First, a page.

In North Wales, at the very heart of Snowdonia, is the lovely village of Maentwrog, in the Vale of Ffestiniog. The Grapes Hotel is one of the oldest and most famous coaching inns in Wales. The grade II listed inn dates from the 17th Century. The welcome is typical of North Wales, warm and friendly. Log fires provide an inviting atmosphere for cooler evenings.
The six hotel bedrooms are refurbished to high standards with modern boutique-style furnishings, whilst retaining the existing features of the ‘old’ coaching inn. In addition to that, our tasty home-cooked food made from the best local produce are beautifully complimented by our selection of good wines, and cask conditioned ale.
Slap bang in the middle of Snowdonia this is the heart of the national park. Rugged mountains on three sides and sandy beaches along the shore. Slate from Blaenau was the cutting edge of lightweight, roofing technology - grey gold. For years it came down by packhorse to the quays on the Afon Dwyryd and was rowed out on the tide past Portmeirion to waiting ships.
Victorian ingenuity marks the mountain with what look like enormous ski jumps which pairs of tramways operated with the weight of a downhill wagon hauling an empty one back up. These connected to the Ffestiniog Railway which opened in 1836 as a gravity train with horses pulling the empty wagons back to Blaenau. The final mile of the railway runs along The Cob, an embankment built by William Madocks to hold back the sea. A natural by-product of this was a deep water port at the northern end, hence Madocks's Port became Porthmadog, where boats and yachts now bob at their moorings.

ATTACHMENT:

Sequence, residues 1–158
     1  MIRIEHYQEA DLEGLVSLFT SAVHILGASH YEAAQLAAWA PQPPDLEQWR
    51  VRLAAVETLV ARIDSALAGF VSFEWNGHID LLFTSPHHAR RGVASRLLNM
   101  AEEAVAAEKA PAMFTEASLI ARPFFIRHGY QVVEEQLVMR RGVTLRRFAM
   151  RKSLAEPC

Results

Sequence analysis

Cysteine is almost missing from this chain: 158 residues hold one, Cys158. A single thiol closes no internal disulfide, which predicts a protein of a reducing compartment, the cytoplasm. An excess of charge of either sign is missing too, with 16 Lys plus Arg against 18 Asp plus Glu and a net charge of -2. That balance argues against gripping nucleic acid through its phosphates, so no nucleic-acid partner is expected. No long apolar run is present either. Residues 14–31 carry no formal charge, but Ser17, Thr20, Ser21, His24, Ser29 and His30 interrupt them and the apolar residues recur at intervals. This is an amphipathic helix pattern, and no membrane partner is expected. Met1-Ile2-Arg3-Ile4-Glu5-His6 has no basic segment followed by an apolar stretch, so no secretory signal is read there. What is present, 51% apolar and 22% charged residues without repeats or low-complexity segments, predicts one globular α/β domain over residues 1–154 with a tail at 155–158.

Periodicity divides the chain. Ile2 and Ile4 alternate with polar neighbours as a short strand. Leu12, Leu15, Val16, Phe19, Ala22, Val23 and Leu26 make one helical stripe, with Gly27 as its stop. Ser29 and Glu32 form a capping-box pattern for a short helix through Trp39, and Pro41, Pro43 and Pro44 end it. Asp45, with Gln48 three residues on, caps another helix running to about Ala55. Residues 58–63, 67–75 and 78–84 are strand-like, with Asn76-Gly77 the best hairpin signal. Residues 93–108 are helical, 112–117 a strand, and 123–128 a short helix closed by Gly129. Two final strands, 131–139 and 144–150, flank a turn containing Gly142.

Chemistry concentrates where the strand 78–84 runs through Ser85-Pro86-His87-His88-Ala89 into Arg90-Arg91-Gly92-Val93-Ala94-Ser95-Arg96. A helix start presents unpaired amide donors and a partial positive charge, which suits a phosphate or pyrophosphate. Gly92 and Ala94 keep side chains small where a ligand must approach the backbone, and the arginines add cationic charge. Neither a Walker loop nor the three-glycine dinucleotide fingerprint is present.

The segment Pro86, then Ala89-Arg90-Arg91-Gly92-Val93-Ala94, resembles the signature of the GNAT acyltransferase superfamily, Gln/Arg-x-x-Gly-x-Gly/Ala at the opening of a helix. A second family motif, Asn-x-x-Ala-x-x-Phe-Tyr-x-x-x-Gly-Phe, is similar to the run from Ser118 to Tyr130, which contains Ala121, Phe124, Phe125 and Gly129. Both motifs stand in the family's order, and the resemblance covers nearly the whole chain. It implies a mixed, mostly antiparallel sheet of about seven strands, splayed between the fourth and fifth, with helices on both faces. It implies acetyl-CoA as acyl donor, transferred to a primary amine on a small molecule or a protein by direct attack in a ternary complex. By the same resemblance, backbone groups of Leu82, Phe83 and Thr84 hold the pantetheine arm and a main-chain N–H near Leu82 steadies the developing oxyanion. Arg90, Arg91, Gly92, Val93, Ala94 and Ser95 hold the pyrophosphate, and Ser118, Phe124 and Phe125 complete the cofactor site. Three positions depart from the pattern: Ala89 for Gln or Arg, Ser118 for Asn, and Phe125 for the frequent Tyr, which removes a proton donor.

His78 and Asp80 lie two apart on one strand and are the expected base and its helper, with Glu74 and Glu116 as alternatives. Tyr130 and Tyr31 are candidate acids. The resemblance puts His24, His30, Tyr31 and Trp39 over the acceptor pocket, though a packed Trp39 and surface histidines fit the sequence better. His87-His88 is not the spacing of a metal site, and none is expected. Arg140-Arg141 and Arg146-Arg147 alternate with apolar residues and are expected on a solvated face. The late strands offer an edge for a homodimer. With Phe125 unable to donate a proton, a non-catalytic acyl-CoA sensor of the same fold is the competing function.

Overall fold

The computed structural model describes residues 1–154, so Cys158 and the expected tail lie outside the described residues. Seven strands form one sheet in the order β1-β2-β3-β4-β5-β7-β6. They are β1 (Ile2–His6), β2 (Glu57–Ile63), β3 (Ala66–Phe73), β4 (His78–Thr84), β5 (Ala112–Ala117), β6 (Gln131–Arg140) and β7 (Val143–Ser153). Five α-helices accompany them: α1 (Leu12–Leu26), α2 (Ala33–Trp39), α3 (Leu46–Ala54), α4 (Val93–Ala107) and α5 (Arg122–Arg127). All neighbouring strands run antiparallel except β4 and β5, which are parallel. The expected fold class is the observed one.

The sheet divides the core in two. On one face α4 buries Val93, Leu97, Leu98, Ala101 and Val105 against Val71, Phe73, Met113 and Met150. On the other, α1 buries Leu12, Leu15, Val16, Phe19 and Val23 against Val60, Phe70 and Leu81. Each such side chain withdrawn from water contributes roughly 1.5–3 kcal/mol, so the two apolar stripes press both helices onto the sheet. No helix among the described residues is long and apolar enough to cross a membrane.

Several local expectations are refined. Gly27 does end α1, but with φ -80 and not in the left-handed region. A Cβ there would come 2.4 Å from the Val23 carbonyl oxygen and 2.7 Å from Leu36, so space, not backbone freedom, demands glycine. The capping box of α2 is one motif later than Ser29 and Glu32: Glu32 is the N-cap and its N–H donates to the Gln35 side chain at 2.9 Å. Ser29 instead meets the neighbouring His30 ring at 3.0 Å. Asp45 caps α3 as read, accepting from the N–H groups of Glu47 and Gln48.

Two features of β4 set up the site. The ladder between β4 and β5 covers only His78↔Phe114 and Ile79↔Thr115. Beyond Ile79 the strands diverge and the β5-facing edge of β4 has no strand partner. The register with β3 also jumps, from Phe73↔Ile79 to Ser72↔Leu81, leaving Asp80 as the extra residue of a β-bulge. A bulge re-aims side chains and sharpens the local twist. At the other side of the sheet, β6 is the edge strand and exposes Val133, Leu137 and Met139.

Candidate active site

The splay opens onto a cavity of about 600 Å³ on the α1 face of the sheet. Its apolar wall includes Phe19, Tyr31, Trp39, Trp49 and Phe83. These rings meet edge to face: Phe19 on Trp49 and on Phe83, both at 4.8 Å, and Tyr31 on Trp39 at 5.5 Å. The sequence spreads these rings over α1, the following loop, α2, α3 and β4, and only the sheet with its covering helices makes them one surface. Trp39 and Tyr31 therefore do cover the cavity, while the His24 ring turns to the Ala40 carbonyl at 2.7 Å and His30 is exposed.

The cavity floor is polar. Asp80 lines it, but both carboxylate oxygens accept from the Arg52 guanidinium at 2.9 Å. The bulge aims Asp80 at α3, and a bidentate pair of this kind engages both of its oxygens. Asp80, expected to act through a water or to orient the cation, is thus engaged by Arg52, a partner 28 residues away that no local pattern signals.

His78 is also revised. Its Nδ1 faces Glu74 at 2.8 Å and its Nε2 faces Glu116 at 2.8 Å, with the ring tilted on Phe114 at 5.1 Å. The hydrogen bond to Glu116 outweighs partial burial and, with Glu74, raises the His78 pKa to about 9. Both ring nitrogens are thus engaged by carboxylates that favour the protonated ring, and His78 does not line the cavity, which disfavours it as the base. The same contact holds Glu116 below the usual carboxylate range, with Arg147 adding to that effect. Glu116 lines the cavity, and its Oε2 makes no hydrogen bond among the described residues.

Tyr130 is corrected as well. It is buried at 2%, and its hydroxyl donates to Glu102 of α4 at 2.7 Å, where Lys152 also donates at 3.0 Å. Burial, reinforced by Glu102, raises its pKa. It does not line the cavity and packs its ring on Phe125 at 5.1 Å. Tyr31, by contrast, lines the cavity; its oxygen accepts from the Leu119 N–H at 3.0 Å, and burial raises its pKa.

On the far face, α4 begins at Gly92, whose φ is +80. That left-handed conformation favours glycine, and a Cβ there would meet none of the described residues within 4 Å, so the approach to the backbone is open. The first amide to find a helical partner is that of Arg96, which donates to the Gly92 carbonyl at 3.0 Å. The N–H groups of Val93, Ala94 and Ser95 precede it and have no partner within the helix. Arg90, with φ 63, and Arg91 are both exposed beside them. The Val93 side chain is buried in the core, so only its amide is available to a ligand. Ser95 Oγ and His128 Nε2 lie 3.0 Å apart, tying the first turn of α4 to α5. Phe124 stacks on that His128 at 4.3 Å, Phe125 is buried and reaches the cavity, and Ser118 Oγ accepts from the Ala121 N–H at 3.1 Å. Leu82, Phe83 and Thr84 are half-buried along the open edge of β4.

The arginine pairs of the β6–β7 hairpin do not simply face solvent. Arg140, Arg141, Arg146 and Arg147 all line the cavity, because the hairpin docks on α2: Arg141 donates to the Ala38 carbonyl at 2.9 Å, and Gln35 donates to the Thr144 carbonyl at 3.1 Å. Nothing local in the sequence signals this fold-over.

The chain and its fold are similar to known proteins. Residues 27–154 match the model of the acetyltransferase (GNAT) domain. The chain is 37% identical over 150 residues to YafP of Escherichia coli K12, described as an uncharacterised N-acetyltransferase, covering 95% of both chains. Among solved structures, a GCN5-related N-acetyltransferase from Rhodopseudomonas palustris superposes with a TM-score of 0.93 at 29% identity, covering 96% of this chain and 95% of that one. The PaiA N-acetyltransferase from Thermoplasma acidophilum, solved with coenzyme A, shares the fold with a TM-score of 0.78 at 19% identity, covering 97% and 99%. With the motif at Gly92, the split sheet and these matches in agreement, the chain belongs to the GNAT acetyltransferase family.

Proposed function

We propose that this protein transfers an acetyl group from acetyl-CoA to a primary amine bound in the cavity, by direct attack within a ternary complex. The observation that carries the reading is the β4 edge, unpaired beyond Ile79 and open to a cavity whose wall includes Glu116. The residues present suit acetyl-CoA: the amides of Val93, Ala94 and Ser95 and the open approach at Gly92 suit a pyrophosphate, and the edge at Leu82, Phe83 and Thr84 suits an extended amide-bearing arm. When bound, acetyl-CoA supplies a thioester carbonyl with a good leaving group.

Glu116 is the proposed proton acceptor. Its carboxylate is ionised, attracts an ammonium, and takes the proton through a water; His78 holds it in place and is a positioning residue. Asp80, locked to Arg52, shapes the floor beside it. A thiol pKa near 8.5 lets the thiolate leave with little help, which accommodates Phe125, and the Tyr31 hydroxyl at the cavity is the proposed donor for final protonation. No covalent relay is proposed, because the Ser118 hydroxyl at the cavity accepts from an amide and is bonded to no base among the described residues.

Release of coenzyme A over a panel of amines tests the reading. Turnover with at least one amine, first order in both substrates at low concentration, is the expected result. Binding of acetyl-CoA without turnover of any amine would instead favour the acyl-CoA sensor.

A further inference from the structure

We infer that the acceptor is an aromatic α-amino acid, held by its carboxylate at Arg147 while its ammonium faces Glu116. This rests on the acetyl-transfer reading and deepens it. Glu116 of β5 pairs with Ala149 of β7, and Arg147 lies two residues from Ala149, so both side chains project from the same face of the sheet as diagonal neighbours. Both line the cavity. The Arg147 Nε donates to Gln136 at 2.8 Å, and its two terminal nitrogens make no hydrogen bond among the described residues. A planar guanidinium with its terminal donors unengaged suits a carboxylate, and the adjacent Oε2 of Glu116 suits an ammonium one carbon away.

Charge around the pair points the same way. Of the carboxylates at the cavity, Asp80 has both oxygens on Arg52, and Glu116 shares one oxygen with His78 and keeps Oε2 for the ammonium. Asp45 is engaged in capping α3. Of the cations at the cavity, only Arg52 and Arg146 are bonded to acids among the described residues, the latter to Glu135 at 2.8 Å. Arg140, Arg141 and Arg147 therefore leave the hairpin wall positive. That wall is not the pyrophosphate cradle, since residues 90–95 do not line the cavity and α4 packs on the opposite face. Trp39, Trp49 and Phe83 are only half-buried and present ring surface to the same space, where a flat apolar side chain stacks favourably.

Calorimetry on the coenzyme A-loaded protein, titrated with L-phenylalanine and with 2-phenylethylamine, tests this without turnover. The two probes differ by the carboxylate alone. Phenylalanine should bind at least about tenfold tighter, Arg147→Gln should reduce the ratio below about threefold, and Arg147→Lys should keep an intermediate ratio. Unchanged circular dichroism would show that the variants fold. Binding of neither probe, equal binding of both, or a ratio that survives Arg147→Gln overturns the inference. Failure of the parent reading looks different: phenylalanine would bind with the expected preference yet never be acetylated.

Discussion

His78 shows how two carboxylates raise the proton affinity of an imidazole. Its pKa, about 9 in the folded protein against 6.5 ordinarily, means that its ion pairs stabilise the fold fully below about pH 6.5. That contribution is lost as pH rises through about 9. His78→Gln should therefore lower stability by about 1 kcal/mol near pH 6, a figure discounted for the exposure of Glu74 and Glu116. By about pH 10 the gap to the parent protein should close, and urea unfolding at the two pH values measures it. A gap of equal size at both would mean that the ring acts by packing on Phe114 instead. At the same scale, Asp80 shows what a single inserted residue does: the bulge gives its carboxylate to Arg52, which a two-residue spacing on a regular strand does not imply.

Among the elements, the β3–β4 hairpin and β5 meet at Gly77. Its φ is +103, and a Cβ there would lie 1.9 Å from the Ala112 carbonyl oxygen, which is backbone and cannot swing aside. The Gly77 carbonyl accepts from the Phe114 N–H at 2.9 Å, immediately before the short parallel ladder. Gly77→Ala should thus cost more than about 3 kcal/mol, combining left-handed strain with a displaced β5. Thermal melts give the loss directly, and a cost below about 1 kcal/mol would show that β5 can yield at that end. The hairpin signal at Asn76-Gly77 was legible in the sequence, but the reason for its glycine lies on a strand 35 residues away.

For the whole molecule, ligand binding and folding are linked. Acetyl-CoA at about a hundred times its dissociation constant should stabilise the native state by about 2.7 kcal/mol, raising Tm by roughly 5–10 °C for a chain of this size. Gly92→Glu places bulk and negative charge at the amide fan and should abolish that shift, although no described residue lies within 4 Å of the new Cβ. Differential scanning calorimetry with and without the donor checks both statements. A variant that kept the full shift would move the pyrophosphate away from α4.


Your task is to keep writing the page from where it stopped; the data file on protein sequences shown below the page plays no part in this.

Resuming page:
In the 1860s the railway was modernised to steam and nowadays the area is a popular place to relax or have fun: the walking is superb with everything from upland hikes and long views to evening strolls on the beach as the sun sinks behind a castle into the sea. Llan Ffestiniog was the original and ancient settlement, rooted deep in Welsh history, whilst Blaenau, which means uplands, is the modern town built during the booming slate industry. Half way down the Vale is Plas Tan y Bwlch - stately home of the Oakeley family, owners of the largest quarry, but now the study centre for the national park. It provides a diverse range of courses from bird watching to harvesting (and frying!) wild mushrooms.